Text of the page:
The goal of a definition of the commons as a legal category is to ensure the acknowledgement and the legalisation of the work of grassroots organisations that manage and promote the commons. This also facilitates the long-term sustainability of organisations and their access to opportunities such as funding and awards.
The complexity of the discourse on the commons has been described as a “Tower of Babel” by Micciarelli (2014); the term is rich with philosophical, political and economic connotations. Micciarelli identifies a key tension in the legal concept of the commons: on the one hand, we can understand the commons as fundamental goods; on the other, there are fundamental rights to these goods that characterize the relationship between these goods and their users (idem, p.139). As a result, we can either understand the commons as goods that are fundamental and, as such, have an independent legal status or, instead, the goods that are connected to fundamental rights. A similar tension can be found in Maria Rosaria Marella’s analysis of the legal concept of the commons (2017). From a legal perspective, according to Marella, can understand the commons as a form of property that is not either public or private (such as in the work of the Rodota` commission, presented below), or as a ‘bundle of rights’ (and is therefore connected to use and enjoyment of certain goods). To discuss this tool, we will follow Marella’s analysis based on the case of Italy’s legislation on the commons, including both national and local experiences that were the result of years of campaigns, collaborations and collective decisions.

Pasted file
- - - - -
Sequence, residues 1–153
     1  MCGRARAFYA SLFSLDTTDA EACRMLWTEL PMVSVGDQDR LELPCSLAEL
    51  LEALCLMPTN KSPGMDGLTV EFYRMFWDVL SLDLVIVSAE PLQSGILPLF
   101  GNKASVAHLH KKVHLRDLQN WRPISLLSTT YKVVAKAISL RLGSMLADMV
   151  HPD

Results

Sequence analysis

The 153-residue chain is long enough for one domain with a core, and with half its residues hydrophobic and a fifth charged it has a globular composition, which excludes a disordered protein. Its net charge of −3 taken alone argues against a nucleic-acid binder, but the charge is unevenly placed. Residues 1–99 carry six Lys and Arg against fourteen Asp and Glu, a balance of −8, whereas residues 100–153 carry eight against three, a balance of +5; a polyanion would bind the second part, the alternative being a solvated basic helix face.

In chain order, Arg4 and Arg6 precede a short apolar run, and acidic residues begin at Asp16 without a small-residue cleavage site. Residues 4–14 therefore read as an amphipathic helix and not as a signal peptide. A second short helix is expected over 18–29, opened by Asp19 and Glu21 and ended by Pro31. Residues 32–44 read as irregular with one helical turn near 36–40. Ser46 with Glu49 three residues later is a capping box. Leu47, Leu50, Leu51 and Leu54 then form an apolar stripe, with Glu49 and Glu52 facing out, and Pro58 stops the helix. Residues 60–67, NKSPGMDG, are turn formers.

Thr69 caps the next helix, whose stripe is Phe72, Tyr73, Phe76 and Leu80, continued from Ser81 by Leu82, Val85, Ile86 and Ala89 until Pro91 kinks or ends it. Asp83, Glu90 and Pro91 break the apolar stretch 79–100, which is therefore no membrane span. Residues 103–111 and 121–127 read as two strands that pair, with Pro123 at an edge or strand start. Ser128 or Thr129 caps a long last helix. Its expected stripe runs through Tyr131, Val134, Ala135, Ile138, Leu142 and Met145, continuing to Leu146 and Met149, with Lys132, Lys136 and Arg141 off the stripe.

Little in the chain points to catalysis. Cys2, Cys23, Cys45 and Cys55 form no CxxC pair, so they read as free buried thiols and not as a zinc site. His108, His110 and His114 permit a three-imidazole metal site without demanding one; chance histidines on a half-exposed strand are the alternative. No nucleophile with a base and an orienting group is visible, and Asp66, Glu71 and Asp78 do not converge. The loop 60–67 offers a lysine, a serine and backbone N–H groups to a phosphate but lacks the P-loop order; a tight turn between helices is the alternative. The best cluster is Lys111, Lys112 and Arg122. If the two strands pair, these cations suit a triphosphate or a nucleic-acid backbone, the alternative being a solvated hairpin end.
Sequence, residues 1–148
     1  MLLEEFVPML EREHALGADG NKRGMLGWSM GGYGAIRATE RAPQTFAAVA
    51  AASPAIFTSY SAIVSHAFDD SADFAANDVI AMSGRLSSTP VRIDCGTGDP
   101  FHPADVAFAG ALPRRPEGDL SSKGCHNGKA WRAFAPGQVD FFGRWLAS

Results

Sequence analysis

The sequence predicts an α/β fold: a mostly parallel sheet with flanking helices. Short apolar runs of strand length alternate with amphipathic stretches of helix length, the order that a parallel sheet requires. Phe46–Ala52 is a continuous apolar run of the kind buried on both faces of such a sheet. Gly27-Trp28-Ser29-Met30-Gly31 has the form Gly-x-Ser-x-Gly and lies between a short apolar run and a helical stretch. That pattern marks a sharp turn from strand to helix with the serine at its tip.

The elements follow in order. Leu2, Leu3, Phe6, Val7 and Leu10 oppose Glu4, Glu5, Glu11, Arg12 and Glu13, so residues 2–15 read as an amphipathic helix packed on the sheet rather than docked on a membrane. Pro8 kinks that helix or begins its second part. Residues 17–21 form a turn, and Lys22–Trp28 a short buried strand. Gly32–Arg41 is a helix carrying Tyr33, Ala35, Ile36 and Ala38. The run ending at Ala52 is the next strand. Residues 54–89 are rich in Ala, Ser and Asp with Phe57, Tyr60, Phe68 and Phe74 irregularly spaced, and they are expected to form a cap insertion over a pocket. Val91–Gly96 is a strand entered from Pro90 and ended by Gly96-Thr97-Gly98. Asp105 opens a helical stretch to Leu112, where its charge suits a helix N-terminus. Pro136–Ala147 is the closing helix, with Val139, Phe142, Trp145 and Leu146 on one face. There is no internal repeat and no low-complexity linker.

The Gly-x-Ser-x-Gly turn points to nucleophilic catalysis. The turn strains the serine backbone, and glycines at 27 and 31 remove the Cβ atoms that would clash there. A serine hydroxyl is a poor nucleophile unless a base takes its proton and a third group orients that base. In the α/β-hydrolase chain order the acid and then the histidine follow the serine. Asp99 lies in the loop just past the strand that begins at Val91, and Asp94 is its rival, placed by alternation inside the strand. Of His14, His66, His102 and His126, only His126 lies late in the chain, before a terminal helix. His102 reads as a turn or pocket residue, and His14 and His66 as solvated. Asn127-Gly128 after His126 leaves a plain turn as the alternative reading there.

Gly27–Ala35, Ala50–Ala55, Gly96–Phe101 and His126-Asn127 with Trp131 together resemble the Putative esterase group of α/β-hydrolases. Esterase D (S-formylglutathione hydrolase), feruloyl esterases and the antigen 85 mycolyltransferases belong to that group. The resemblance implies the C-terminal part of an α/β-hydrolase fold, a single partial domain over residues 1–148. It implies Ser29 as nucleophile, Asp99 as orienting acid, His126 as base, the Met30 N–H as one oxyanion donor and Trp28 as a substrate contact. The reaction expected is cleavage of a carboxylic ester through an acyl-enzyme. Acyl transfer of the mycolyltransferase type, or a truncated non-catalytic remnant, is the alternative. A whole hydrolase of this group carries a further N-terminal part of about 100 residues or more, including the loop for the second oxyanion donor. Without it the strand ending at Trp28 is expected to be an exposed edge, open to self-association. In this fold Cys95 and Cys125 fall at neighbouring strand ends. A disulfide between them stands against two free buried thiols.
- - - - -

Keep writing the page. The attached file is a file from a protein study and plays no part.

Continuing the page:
The commons exist outside of the realm of state government, as they are based on the principle of self-management of communities. However, as pointed out by Elinor Ostrom (1990), the right to organise that belongs to the community who manages the commons must be considered legitimate by external authorities, otherwise this will affect the sustainability of the commons. It is possible to argue that grassroots organisations who maintain, promote and in some cases even create the commons might face an internal dilemma in fighting for their legal recognition. A legal recognition of their work can lead to the immediate benefit of not being prosecutable by the law for using a certain space or certain resources; furthermore, it can the organisation access to advantages that are only available to legal organisations (as taking part to larger initiatives, getting specific kinds of funding, etc.). Most importantly, it can ensure stability and sustainability in the long run to the organisation and its activities. Nevertheless, some organisations might see the legal recognition of the concept of commons as detrimental to its political anti-capitalist value and a possible threat to the organisation’s independence. Here, there are not clear ‘steps’ to the application to this tool, but rather different conceptual frameworks that can be applied in different contexts. In the Italian context, the design of a law on the commons started with the Rodotà commission for a modification of the laws of the Civil Code on public property. The commission was established by the Ministry of Justice in 2007 and was led by Stefano Rodotà (Ministero della Giustizia, 2007). Over the years, the proposal was subject to several changes, but its key point, that is the distinction between public property, private property and commons, remained intact. The rationale of the law is to design a new category of property regime that is to be understood as a form of “diffuse property” that involves both private and public bodies (Ministero della Giustizia, 2008). According to the proposal, this definition is not only limited to natural resources, but also heritage, archaeological sites, and cultural assets belong to this new category, as they are conducive to the expression and enjoyment of fundamental rights and to people’s personal development (idem). This proposal, however, was never implemented by the Italian Parliament. It nevertheless defines two key issues: the interdependence of the commons and fundamental rights, and the idea of the commons as a “third category” of property. If we move our focus from a national to a local perspective, we find that the commons can also be legally understood as a bundle of rights (Marella, 2017). The commons, therefore, can be placed in a continuum between private and public property; the rights connected to the common, such as access and management, can be disconnected from ownership and transferred to other people.. According to the author, “collective rights of access to those publicly or privately owned resources that are functional to the fulfillment of an individuals’ fundamental rights can be grounded on the social function norm (idem, 75)”; this concept is consistent with the key tenets outlined by Rodotà, as it connects the commons to the exercise of citizens’ fundamental rights and to their self-development. However, as noted by Marella, the legal concept of the commons as a bundle of rights has been applied only by local governments in the Italian context; on the national level, the Italian Constitution promotes citizen-led initiatives, but does not offer a framework for transferring bundles of rights as the one defined in recent local regulations (idem, 80-81). The city of Bologna was a pioneer in this field and created a regulation that allows forms of collaboration between the city council and the citizens for safeguarding different kinds of commons, including intangible (Comune di Bologna, 2014). This legal framework entails the spontaneous, free and voluntary offer of skills and resources of citizens who want to pursue the common good (idem). This framework was eventually adopted by other Italian cities, such as Turin and Florence. A similar approach can be found in the case of Naples and the work of the city council led by Luigi De Magistris, who has been elected mayor of Naples in 2011 and re-elected in 2016. The city council’s strong belief in the safeguard of the commons led to the creation of the “Assessorato ai Beni Comuni” (Department for the Commons) in 2011, that has implemented a variety of initiatives aimed at encouraging the participation of the citizens in the management of public spaces. One of the most important experimental policies of this city council was the recognition of seven urban commons, among which Asilo Filangieri (Comune di Napoli, 2016): with council deliberation in January 2016, the city of Naples has officially recognised the merits and the social importance of these spaces, and the right of the occupants to carry on their work legally. A crucial aspect of the Neapolitan experience is the concept of self-government: indeed, the urban commons identified by the city council do not respond to the local government, but have independent systems of governance. This allows the organisation to work effectively as a commons, deciding its own rules and adopting a framework based on consensus (see Creative Use of the Law, Uso Civico). This experience - in a network of experiences called “National network of emerging and civic use commons” - made the case for an improved definition of commons: commons can become necessary for fundamental rights not only because of their nature or function, but because of their open and community-led management, oriented towards accessibility solidarity and mutual aid.